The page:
Rivera tried his best to blitz and make Urlacher the playmaker to lead what they thought would be an incredible comeback. What made this nearly impossible was the play of Grossman: He had one of the worst halves in NFL history. In Chicago's eight possessions of the first half, Grossman had four turnovers and four three-and-outs. If this were baseball, it would have been the equivalent of a five-strikeout game.
The difference between the Bears of today and the Cardinals of eternity is the Bears believe they will win. The Cardinals don't. Reality started setting in midway through the third quarter. Urlacher stood by Lovie Smith and defensive players looked at the clock knowing there was time to rally. Cardinals players were just hoping the clock would run out.
"To be truthful, our team thought they could come back and win the football game even though it was looking bleak for a long time," Smith said. "It was basically that. When are we going to do it? Somebody has to do it."
The Bears defense answered the call. Defensive tackles stuffed the middle of the field on James' running plays. For him, running to the outside wasn't an option. The Bears' defense was just too fast, and it set up three plays that swung the game in Chicago's favor.
• Ahead 23-3, Leinart called an audible on second-and-10 at the Cardinals' 15. Unfortunately, communication broke down on the protection. The rookie's mistake allowed Bears defensive end Mark Anderson to hit Leinart in the back unblocked, forcing a fumble that was picked up by safety Mike Brown and run back for a 3-yard touchdown. With 2 seconds left in the third quarter, the Bears trailed 23-10.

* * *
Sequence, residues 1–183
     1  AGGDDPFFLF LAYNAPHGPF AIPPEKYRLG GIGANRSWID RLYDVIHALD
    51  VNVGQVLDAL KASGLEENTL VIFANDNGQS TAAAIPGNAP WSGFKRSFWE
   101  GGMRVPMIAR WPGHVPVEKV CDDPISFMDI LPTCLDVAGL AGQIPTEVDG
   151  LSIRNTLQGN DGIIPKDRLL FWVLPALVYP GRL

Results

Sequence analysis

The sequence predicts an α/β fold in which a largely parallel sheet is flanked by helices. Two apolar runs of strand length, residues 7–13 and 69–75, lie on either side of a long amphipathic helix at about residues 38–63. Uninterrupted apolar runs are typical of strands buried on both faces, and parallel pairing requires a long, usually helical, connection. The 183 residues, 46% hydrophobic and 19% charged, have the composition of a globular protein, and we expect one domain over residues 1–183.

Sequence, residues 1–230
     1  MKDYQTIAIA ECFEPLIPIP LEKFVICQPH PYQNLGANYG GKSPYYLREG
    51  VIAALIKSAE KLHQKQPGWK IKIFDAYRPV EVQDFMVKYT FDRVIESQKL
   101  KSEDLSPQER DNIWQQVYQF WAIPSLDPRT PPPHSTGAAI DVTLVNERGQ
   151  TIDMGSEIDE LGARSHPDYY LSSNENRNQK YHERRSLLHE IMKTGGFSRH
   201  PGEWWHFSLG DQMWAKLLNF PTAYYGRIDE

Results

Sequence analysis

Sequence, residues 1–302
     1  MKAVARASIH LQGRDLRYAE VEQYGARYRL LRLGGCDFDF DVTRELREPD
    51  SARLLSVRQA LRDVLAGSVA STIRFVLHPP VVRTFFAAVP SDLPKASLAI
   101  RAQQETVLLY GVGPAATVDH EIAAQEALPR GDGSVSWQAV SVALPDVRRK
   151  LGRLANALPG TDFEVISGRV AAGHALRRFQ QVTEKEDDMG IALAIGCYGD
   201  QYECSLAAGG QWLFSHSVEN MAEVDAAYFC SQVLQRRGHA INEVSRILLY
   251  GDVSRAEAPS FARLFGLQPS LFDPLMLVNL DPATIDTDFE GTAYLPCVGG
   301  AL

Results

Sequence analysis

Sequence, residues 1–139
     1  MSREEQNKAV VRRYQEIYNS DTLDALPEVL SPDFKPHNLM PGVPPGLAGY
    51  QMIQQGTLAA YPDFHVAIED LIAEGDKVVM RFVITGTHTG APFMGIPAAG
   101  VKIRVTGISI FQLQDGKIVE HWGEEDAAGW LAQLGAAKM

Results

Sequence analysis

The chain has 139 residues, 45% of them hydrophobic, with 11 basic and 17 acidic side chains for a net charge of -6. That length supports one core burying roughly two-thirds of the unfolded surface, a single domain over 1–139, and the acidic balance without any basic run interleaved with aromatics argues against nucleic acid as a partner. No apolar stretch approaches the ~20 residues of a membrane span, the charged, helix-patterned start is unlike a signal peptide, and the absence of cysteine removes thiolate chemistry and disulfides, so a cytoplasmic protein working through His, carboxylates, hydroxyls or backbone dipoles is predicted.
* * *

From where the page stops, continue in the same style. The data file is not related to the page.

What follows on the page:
• Urlacher mustered all of his strength to rip a fumble from James' hand with five minutes left in the fourth quarter. Cornerback Charles Tillman picked up the ball and returned it 40 yards for the score, getting the Bears within 23-17.
"It's just crazy," James said. "I don't know what to say. It seems like every game is like this."
• With 2:58 left in the game, Devin Hester went almost untouched through the Cardinals' punt return defense for an 83-yard return for a score as the Bears took a 24-23 lead. The Cardinals were shell-shocked.
"You all were watching the game," Boldin said. "We've just got to go ahead and put them away. That's the attitude we've got to develop. We've got to become finishers. We're just not doing that right now."
Still, Leinart did his part to finish and he did a fine job of it, calmly guiding the Cardinals from their 38 to the Bears' 22. He completed three passes in the drive and managed the clock well. He didn't look like a rookie Monday night, particularly on this drive. He played like a veteran setting up a drive toward a game-winning field goal.
"We were calm in that last drive just sitting back there taking what the defense gives you," Leinart said. "Neil Rackers is one of the best kickers in the league."
To everyone's disbelief, Mr. Automatic of 2005 missed an easy 41-yard try.
"I just kicked the ground," Rackers said. "I'm not getting through the ball. I'm not getting my hips square."
Cardinals players didn't care about Rackers' coaching-clinic answers. They were depressed. They feel as if they're all cursed.
"I don't think I've ever been associated with a loss where it was kind of clear that the offense [the Bears' offense, in this case] couldn't score a touchdown," Green said.
The Bears generated only 168 yards of offense. Grossman had six turnovers and a quarterback rating of 10.7. Thomas Jones rushed for 39 yards. But the Bears won. A team of destiny.
"I hope that's the case, but we have a long way to go," Smith said. "Right now we're the only team in the league 6-0, and you have to enjoy that and think about tomorrow tomorrow."
For the Cardinals, though, their past won't stop haunting them.
"It's tough when we are 1-5 and we could easily be 4-2," Leinart said. "It's a gut-check time. We need to come together as a team. We still have a lot of football left. We have Oakland next week and we have to go up there and win and get some confidence."
Two games into his career as an NFL starter, Leinart is sounding like a true Cardinals quarterback. One who's cursed.
John Clayton is a senior writer for ESPN.com.